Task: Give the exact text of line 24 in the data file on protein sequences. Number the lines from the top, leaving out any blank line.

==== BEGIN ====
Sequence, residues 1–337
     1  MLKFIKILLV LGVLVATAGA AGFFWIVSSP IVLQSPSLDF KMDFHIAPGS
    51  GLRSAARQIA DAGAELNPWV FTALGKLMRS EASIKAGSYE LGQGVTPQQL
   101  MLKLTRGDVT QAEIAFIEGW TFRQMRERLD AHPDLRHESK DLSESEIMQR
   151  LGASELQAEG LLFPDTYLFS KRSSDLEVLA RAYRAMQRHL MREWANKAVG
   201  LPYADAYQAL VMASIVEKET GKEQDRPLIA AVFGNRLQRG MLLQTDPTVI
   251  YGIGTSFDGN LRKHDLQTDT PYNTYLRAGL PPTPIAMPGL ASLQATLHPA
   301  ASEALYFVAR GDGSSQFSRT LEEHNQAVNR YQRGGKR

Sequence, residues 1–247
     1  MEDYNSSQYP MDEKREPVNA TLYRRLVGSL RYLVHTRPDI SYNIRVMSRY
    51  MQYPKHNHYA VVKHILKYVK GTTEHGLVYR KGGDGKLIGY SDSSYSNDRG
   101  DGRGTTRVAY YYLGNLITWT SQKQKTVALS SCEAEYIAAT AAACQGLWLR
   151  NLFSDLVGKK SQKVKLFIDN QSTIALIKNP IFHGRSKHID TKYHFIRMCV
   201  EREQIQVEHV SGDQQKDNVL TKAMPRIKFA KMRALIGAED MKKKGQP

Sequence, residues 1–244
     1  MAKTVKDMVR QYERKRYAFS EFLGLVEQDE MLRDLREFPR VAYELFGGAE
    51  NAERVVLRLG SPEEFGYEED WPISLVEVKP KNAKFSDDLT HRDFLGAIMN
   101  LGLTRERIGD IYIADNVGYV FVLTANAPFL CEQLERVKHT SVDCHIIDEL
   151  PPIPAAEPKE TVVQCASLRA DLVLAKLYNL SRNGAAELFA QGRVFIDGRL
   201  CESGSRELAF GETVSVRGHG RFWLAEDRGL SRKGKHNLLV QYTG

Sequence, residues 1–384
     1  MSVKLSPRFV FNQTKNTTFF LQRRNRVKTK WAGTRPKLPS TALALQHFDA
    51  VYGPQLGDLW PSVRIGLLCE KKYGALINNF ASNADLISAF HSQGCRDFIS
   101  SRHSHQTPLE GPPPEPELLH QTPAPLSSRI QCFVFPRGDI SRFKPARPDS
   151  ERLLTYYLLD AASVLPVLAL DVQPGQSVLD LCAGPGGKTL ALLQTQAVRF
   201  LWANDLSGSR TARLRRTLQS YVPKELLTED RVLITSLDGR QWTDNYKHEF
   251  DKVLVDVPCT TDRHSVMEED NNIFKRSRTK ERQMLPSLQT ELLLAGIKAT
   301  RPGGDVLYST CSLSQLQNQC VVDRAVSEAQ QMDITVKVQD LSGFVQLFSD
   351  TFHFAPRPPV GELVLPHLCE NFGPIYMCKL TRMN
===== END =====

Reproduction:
   101  SRHSHQTPLE GPPPEPELLH QTPAPLSSRI QCFVFPRGDI SRFKPARPDS